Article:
The New Orleans Pelicans are doing their best to not talk about the playoffs.

They’ve played only 27 games but find themselves in contention for the final playoff spot in the Western Conference, especially after beating Oklahoma City on Sunday for the second time this month.

So why does every game feel like the postseason?

“We seem to be in these playoff games lately,” Pelicans coach Monty Williams said after Sunday’s 101-99 victory. “It’s just physical, and the refs are letting guys play. Guys are getting banged around, screaming and hollering, and it’s one of those games you’re glad you came out on top of. You feel like if you learn from this, you might be a better team. Because like I said in the pregame, they play the same way every night, and we withstood that.”

New Orleans (14-13) gets a chance to get another big victory Tuesday, this time against the Indiana Pacers (9-19) at 6 p.m.

Sunday’s victory was a big boost, with a strong defensive finish that will need to be replicated moving forward.

Oklahoma City scored just two points in the final 5 minutes, 34 seconds, a staggering number considering the Pelicans had been routed 114-88 by Portland the night before.

“It’s all mental and trying to push each other and get better,” Pelicans center Alexis Ajinca said. “We’re going to go there with a lot of confidence. We’ve got to keep it up and hopefully get that win again.”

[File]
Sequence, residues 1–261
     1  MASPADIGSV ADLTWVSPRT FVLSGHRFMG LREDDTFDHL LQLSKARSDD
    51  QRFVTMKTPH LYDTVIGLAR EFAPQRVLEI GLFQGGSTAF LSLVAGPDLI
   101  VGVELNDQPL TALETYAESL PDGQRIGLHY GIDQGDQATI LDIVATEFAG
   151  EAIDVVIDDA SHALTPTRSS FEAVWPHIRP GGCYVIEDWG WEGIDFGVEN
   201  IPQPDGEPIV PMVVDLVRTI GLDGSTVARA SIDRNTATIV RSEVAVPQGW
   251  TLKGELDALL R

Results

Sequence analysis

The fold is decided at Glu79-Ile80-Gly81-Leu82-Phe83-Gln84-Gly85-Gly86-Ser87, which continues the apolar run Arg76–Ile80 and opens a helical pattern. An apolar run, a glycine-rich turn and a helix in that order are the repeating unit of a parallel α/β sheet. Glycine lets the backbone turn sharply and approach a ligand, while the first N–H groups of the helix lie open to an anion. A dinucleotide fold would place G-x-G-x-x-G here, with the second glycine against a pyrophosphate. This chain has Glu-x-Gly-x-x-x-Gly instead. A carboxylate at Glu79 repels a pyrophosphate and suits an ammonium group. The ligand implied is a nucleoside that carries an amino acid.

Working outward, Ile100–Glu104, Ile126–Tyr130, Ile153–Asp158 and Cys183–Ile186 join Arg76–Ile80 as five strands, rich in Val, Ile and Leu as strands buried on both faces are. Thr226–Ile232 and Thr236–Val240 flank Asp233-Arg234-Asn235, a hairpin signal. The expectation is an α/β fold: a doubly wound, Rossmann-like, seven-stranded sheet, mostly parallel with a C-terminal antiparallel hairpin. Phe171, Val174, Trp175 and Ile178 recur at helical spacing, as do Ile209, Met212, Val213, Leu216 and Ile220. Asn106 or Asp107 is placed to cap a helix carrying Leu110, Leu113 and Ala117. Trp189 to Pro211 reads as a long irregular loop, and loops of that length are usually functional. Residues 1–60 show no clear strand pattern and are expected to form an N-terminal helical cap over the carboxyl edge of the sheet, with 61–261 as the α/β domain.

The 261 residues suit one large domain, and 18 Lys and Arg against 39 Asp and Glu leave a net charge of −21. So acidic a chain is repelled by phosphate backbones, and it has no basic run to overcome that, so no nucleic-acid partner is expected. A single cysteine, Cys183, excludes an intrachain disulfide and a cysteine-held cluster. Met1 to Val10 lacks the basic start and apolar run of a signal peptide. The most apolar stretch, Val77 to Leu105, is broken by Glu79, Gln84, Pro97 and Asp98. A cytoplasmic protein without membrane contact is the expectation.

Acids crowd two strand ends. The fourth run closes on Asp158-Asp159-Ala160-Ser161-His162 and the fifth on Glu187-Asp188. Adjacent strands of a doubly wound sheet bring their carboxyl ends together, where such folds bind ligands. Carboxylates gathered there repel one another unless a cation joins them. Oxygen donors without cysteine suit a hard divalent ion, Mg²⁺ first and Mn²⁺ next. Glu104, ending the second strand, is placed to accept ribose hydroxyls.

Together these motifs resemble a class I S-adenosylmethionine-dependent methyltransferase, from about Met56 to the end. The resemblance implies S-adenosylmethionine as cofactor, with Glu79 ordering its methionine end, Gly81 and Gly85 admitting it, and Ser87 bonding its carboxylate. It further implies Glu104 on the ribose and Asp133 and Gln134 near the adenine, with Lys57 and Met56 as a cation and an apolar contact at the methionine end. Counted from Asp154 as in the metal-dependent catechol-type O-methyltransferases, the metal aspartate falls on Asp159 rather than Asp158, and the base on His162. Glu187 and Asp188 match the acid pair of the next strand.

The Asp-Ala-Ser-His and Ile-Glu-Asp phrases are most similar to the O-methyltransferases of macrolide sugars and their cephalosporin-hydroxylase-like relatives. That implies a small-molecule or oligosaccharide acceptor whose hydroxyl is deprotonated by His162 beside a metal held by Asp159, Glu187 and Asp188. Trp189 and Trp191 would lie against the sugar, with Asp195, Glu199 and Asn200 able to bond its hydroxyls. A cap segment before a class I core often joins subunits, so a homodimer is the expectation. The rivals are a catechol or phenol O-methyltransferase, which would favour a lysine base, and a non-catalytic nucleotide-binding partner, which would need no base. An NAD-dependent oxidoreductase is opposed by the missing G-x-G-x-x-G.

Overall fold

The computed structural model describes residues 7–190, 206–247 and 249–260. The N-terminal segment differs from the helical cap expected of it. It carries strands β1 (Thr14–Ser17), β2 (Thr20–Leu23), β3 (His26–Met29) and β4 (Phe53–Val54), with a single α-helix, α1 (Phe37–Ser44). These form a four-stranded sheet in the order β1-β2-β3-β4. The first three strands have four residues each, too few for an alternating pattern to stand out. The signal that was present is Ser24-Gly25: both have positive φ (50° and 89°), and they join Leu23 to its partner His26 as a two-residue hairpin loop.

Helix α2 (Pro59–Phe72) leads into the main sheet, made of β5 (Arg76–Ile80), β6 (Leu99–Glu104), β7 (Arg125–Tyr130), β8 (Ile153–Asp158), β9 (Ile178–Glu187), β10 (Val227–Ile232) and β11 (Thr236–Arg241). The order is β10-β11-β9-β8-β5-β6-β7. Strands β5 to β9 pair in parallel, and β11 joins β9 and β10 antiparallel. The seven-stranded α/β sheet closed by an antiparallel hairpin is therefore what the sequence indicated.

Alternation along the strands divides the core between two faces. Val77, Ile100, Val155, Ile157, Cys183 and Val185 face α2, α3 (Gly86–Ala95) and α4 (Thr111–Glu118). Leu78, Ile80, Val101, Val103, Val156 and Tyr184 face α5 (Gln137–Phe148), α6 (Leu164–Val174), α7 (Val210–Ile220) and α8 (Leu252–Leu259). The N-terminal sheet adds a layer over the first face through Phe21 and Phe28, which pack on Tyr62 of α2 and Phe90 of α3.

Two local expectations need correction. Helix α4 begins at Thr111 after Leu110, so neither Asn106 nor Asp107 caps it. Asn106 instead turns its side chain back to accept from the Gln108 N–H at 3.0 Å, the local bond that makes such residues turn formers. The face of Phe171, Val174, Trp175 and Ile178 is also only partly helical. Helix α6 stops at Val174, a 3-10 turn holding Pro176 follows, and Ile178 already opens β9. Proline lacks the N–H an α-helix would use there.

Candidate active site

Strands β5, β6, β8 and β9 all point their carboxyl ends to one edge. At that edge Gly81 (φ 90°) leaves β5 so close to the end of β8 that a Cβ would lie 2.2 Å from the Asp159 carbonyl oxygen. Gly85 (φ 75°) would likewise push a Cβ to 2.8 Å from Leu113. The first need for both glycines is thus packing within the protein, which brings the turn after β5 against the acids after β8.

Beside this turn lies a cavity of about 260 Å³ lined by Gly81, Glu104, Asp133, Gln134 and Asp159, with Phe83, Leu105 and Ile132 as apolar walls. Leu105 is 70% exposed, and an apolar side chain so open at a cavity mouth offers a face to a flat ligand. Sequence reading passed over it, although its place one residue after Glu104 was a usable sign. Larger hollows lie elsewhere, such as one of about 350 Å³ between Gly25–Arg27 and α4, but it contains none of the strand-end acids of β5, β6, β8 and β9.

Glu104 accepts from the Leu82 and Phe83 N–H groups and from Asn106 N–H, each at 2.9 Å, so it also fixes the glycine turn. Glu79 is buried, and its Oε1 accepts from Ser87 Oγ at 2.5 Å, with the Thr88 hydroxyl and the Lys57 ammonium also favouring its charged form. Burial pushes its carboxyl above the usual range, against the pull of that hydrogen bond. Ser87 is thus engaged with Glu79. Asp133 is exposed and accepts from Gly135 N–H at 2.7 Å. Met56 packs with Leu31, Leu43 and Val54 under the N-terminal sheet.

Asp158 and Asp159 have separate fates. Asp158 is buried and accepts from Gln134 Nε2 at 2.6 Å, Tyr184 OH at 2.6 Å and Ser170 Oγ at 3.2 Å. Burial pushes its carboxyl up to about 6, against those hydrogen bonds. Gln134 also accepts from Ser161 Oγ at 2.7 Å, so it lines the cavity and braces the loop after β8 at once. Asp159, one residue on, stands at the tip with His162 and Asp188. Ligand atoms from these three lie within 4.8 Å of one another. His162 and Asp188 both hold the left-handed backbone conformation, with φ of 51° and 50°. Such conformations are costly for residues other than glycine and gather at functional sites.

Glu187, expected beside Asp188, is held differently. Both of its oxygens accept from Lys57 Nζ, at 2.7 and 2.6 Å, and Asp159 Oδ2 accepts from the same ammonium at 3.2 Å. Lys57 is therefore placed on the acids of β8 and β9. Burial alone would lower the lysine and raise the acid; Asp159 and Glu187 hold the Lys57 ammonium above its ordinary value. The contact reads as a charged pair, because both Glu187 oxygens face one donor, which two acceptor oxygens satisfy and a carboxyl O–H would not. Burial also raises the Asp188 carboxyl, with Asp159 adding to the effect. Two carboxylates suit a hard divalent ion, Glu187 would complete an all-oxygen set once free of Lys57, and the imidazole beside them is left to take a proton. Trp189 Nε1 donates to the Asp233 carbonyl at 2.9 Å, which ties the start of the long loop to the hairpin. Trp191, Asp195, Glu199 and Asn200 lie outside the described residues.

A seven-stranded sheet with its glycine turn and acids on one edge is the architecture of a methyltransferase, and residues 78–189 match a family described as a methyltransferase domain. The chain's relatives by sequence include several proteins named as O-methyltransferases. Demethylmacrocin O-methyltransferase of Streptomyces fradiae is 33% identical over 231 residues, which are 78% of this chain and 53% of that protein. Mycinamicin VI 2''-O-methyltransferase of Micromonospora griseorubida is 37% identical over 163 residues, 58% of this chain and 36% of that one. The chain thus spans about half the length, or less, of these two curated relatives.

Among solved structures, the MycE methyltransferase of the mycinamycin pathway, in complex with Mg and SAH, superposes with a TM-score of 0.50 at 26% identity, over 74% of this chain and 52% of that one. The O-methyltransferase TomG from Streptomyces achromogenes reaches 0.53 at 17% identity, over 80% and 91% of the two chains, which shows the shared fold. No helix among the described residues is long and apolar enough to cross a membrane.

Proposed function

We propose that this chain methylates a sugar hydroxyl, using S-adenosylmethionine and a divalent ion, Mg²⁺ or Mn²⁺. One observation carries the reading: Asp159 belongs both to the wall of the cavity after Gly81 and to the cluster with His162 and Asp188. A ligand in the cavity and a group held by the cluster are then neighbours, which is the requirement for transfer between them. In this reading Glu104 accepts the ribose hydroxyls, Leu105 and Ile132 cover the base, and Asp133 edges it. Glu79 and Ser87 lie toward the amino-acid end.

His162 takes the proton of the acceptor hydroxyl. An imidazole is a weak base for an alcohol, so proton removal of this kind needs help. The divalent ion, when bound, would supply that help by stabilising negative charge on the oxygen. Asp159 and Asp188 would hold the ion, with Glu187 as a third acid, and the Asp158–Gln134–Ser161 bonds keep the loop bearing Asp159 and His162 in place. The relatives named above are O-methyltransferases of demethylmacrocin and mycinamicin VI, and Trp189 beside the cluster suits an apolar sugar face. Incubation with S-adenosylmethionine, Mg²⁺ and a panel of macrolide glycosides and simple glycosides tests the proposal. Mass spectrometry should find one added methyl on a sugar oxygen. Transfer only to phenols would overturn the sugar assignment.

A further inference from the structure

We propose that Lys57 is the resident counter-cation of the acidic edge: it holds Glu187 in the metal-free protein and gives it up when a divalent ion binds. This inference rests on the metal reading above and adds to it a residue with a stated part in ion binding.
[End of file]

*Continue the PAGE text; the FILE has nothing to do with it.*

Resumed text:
Williams said before and after the game that he is looking for consistency from his young team.

The past three games are an example of why.

On Thursday, the Pelicans limited the powerful Houston Rockets to 22 or less points in three quarters for the victory.

The Blazers then dismantled the Pelicans on Saturday in embarrassing fashion.

On Sunday, New Orleans held Oklahoma City to 20 or less points in a quarter twice.

“We just need consistency,” Williams said. “Our goal is we need to go out there and play our style of basketball. After the Houston game, we thought we had turned the corner, but that’s the reason why the NBA is so tough.”

The Pacers are another example of toughness.

They have struggled this season after making the Eastern Conference finals last season, but still shot 50 percent in Sunday’s victory over the Minnesota Timberwolves to win for the second time in 12 games.

New Orleans star Anthony Davis, who finds himself in the MVP talk so far this season, said the key to consistency is remaining true to the team’s style.

“We’ve got to make sure that we remember how we feel tonight and add to it,” he said after Sunday’s win. “We can’t go back to not defending, not rebounding, not sharing the ball. Basically, what we did (Saturday) night. We’ve got to make sure we do the same thing we did tonight.”

But Davis doesn’t view the early season games as the postseason just yet, even though he and his teammates are sure playing like that to this point.

“That’s 52-53 games from now,” Davis said. “We’re not worried about that right now. We’re trying to worry about us and be better each day. The West is tough. It’s a tough conference, and any team you go against — whether it’s in the playoffs or regular season — it’s going to be a great game.”